For the Last Time: Git Stores Snapshots Not Diffs

I have this discussion every month or two, so it’s finally time to write a blog post I can point people to instead. Git stores a snapshot of the entire file, not a diff

This is an understandable point of confusion, because most output from Git is in the form of diffs. Additionally, many other SCMs store changes as diffs instead of snapshots. However, Git stores an entire snapshot of each modified file.

If you want to see an explanation from someone much smarter than me, check out this video.

Illustrating Snapshots

The easiest way to show how Git stores snapshots is create a project and show the relative sizes of the .git object folder.

I’ve created a sample project on GitHub that contains two commits. The first commit introduces the text of Alice’s Adventures in Wonderland. The second commit makes a small modification to the text.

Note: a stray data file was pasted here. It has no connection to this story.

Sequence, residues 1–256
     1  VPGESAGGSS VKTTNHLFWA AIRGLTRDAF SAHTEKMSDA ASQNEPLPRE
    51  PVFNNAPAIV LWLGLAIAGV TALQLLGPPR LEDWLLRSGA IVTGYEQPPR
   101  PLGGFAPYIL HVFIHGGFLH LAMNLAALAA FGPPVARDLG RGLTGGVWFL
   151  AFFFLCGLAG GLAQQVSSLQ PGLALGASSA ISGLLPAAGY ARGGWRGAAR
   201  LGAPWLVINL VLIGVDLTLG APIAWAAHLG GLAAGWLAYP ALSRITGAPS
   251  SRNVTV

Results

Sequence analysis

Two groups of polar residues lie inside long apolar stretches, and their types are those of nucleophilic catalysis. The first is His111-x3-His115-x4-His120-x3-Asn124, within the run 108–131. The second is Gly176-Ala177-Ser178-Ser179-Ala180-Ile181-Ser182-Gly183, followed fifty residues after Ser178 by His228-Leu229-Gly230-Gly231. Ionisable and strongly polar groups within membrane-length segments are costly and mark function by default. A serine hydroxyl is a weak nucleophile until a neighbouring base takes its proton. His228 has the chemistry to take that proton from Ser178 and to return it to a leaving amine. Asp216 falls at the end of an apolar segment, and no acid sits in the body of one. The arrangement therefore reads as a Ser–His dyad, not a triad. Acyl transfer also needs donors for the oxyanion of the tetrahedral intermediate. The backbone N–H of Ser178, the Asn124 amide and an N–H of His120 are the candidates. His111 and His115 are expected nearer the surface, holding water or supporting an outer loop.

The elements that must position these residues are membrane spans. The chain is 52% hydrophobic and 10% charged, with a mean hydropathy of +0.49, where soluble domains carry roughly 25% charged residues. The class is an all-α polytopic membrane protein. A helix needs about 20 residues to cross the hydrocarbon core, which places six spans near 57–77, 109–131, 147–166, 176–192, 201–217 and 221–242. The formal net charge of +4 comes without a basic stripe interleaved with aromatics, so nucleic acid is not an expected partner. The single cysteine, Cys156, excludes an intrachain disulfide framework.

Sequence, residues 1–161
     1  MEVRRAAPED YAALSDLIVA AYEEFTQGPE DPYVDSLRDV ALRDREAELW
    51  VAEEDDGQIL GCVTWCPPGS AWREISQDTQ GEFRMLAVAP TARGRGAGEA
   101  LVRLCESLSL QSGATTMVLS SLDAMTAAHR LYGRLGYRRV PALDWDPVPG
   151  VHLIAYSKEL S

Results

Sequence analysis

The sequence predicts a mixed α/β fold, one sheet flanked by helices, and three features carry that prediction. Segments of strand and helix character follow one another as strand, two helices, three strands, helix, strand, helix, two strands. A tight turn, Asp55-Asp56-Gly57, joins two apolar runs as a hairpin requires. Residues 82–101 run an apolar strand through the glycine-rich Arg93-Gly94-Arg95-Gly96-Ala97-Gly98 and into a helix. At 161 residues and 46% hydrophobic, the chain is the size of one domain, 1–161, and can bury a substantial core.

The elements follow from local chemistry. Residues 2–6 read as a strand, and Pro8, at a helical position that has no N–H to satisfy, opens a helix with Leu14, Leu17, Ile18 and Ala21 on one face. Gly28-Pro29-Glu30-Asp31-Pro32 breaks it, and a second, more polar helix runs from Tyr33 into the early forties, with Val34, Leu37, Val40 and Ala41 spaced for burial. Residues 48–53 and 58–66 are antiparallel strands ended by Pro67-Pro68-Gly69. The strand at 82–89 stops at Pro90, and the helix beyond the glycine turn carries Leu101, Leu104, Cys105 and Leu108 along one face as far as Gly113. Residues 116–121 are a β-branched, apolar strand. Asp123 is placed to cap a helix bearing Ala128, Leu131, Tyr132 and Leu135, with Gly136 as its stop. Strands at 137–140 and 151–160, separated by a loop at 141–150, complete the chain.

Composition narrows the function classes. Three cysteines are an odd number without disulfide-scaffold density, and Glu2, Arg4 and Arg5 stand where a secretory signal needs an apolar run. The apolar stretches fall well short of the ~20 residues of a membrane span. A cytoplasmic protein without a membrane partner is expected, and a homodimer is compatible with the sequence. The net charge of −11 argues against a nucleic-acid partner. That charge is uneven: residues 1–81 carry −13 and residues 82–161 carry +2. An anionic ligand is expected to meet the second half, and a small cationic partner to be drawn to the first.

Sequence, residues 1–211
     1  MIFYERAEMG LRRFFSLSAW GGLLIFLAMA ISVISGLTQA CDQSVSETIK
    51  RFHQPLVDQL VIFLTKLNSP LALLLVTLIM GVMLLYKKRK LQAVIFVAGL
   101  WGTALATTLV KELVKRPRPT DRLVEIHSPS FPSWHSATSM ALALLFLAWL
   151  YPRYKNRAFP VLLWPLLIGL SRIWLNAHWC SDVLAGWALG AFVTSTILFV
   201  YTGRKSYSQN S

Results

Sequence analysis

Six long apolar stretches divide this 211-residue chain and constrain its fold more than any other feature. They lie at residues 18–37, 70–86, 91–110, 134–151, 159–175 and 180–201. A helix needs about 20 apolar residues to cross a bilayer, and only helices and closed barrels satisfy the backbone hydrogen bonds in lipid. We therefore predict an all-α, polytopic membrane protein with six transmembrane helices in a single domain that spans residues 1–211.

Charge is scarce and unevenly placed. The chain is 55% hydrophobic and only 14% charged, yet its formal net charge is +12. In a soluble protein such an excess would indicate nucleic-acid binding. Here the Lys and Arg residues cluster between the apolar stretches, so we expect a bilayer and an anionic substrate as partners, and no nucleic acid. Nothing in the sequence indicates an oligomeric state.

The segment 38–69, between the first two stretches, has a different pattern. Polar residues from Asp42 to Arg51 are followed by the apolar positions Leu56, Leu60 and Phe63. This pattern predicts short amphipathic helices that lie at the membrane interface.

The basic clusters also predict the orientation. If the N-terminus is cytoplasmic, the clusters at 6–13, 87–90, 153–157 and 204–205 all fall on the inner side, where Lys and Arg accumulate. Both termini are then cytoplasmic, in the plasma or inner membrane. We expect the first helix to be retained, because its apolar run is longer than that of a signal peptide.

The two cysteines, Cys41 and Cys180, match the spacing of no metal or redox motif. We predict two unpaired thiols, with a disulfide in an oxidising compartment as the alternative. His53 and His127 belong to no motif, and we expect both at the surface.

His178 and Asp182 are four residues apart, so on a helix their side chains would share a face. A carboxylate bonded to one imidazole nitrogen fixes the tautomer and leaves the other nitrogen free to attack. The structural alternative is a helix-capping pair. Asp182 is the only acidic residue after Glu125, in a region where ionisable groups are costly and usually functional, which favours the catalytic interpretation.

If you clone the repository and unpack the individual objects, you’ll see something like the following when you inspect the .git directory with WinDirStat.

As you can see, Git stores two blobs of (nearly) identical size, one for each version of the text. If Git stored diffs, you’d expect to see one large blob, and a second much smaller blob (plus other objects for the tree etc.)

This isn’t exactly a scientific proof about Git’s behavior, but hopefully it illustrates it enough to get the point across. If you want a more detailed explanation about how Git stores data, you can watch the YouTube video above, or read the Git documentation.

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